originally published by The Kachin Post on June 20, 2011 as
Fresh civil war slaughtered over a hundred Burmese soldiers
photographs provided by the KIO
The firece fighting between troops from Kachin Independence Army, armed wing of Kachin Independence Organization, and Burma Army claimed over a hundred of Burmese soldiers and two batallion commanders’ lives within over a week of newly civil war which broke out in northern Burma, according the battle reports from KIO.>
KIO source said an average of ten Burmese soldiers were killed daily and several dozens were wounded in a week. KIA captured six Burmese soldiers alive in northern Shan State battle zone.
Majority of Burma Army casualties occurred during the first battle in Sang Gang area of southeastern Kachin State, the area closed to China border. Over couple dozens of Burmese soldiers died and more than a few dozens wounded, while Burma Army was trying to control KIA’s Bum Sen post on June 9, attempting to control nearby hydro-power projects run by a Chinese company.
In the first battle of Sang Gang, a private Aung Ja from KIA gunned down thirty Burmese soldiers in one spot and later he was honored for bravery. According to KIA, A tactical operation commander Col. Aung Thu was severely injured by KIA’s motor shell and later died in the hospital. KIA lost only four soldiers, one was tortured and killed by Burma Army while he was detained as prisoners of war and other three died after they stepped on its own mine.
Another Burma Army battalion commander Lt-Col Tin Maung Soe of LIB 297 was killed by KIA’s bomb attack on June 16, 2011 on his way to inspect a damage bridge which was earlier destroyed by KIA. Ten other Burmese soldiers also died in the incident. Burma Army LIB 297 is based in Ja Htu Zup in Hugawng Valley of Western Kachin State.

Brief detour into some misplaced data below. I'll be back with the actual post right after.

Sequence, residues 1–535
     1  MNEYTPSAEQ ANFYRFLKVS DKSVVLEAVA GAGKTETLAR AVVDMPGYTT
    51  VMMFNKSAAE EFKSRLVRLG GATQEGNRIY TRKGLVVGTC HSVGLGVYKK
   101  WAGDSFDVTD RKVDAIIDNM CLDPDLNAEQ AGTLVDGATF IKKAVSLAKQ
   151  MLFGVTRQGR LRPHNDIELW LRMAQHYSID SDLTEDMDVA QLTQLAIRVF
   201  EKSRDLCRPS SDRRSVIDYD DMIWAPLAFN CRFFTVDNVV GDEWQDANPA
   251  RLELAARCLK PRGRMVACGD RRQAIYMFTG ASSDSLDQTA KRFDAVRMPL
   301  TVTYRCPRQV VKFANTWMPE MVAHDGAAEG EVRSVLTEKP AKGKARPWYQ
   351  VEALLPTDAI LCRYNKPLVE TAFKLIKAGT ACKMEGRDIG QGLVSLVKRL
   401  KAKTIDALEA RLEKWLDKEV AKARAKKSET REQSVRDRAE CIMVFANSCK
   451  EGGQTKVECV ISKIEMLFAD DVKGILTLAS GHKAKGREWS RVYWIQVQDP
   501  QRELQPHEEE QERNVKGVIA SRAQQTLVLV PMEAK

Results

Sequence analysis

Seven Burmese soldiers were killed in the battle with KIA in Sinbo in central Kachin State on June 17. Three more were shot down by KIA sniper platoon in the next day. Another thirteen Burmese soldiers were found dead after fighting and twelve Burmese soldiers were killed by KIA’s mine in the same area on June 19. One KIA soldier got minor injured.
On June 16, thirty Burmese soldiers killed after the clash with KIA in Nam San Yang village, located on the Myitkyina-Bhamo Highway. On June 19, five Burmese soldiers were killed after KIA bomb attacked the military security affair office in Nam San Yang.
More than 20 Burmese soldiers and police from Laja Yang post were bomb attacked by KIA on June 16, on their way back to Myitkyina. The source said a dozen dead and the rest injured.
In response, the Burmese Army raped seven Kachin women and four of them were later murdered.
Over tens of thousands of Kachin refugee fled to KIO control area and Chinese border to avoid atrocities and forced porter by Burma Army.